Due to some personal issues, this week’s story has been delayed. I am hoping to have it ready tomorrow. I am very sorry to miss my deadline. I hope you understand.
George Floyd’s murder at the hands of the Minneapolis police was horrifying, but all too common. George Floyd’s murder isn’t even the most recent. David McAtee was killed in his business by either the National Guard or the police. Previously, Breonna Taylor was asleep in her bed. There are too many names. Not to list, but to contemplate. Too many black lives have ended at the hands of the police. You can find a partial list based on The Washington Post’s database at https://pittsburghfoundation.org/we-will-not-be-silent.
Over one thousand black people have been killed in police shootings in the last five and a half years. This is not a new phenomenon, but George Floyd’s murder has focused attention on an issue that has gone unanswered for far too long. If we, as a society, cannot find the will to change a system that has abused black people, indigenous people, and other marginalized groups for decades and longer, then we have given up the claim that we are, in fact, a civilized society.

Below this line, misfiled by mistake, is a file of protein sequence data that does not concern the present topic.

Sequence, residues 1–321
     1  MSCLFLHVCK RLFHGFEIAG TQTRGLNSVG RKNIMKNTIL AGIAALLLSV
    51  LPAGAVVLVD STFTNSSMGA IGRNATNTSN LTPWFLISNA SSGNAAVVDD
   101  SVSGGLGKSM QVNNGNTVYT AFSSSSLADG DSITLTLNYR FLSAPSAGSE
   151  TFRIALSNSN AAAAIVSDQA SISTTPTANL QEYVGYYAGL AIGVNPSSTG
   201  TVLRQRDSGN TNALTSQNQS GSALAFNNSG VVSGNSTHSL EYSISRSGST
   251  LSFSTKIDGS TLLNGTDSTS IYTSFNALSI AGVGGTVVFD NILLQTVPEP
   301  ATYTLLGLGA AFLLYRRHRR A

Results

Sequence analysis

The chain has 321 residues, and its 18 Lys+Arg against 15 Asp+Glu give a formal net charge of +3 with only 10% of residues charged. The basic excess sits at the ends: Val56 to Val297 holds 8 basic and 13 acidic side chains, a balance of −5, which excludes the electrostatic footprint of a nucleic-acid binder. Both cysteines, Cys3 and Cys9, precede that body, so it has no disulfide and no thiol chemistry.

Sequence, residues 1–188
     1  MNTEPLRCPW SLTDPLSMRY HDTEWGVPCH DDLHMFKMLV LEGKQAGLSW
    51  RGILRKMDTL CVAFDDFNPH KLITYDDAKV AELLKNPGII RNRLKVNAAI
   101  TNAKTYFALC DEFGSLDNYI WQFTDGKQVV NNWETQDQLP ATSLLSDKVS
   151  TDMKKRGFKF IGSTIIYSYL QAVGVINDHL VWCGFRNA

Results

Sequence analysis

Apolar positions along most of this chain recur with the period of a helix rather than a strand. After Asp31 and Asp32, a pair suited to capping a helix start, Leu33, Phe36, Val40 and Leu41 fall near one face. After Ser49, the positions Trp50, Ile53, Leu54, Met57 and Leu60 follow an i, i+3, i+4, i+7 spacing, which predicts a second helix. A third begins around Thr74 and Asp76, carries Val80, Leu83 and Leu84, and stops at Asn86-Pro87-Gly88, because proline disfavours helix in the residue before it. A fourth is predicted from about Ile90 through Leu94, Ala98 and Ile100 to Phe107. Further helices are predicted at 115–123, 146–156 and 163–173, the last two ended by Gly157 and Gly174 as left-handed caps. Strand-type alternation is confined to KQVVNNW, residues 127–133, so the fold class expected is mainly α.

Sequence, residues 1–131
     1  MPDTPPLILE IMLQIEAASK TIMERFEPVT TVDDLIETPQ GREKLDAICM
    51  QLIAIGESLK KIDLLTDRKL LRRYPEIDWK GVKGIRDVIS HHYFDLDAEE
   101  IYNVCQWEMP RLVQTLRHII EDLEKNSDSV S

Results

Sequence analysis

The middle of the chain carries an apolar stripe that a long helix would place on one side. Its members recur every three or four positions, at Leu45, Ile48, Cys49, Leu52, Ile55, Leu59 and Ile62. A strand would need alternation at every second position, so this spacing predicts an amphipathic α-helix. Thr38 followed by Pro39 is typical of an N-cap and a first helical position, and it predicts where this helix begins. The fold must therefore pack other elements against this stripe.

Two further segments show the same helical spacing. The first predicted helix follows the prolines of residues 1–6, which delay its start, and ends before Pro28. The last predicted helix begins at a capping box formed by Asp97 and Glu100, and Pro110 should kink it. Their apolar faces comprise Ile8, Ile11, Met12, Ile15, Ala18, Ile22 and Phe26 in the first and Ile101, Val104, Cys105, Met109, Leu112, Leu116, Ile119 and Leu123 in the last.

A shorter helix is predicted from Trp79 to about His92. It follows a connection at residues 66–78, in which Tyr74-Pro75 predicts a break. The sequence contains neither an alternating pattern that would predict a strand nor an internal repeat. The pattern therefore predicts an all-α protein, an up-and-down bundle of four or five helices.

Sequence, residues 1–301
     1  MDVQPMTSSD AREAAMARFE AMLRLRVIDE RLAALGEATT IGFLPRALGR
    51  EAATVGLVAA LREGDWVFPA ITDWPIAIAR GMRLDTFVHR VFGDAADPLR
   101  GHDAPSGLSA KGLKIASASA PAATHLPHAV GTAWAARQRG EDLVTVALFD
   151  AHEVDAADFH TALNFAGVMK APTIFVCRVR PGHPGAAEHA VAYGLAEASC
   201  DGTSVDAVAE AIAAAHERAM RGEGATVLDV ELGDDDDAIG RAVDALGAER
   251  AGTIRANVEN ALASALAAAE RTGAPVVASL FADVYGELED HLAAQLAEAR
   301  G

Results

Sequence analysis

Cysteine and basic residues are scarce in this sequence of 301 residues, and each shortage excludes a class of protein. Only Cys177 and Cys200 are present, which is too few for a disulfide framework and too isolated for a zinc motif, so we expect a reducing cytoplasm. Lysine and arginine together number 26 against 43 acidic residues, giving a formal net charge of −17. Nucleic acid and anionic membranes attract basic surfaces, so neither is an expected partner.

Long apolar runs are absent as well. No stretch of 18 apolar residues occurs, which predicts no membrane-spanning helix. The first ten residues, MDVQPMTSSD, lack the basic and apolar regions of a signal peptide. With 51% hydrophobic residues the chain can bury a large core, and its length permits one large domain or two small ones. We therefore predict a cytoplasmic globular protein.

This blog has, since its inception, been reserved as a creative outlet. I have run other blogs in the past that took up social commentary and other topics. With everything happening, I cannot keep my creative outlet separate from the society that is so broken. There is a cancer in our society, and we must be willing to face it and deal with it. That requires listening to and believing people of color and others when they tell us how they are treated. It requires demanding solutions and working towards them.
If those of us who are white do not recognize the police in the stories that others tell, that is one indication of our privilege. If we think, what will do without the police to protect us?, that, too, is a sign of our privilege. We can think of the police as guardians. For too many Americans, that is not the role the police play. The system needs to change. We have the luxury to ignore racism and pretend it doesn’t exist, or at least isn’t as pervasive. That is a luxury we must give up. Lives depend upon it.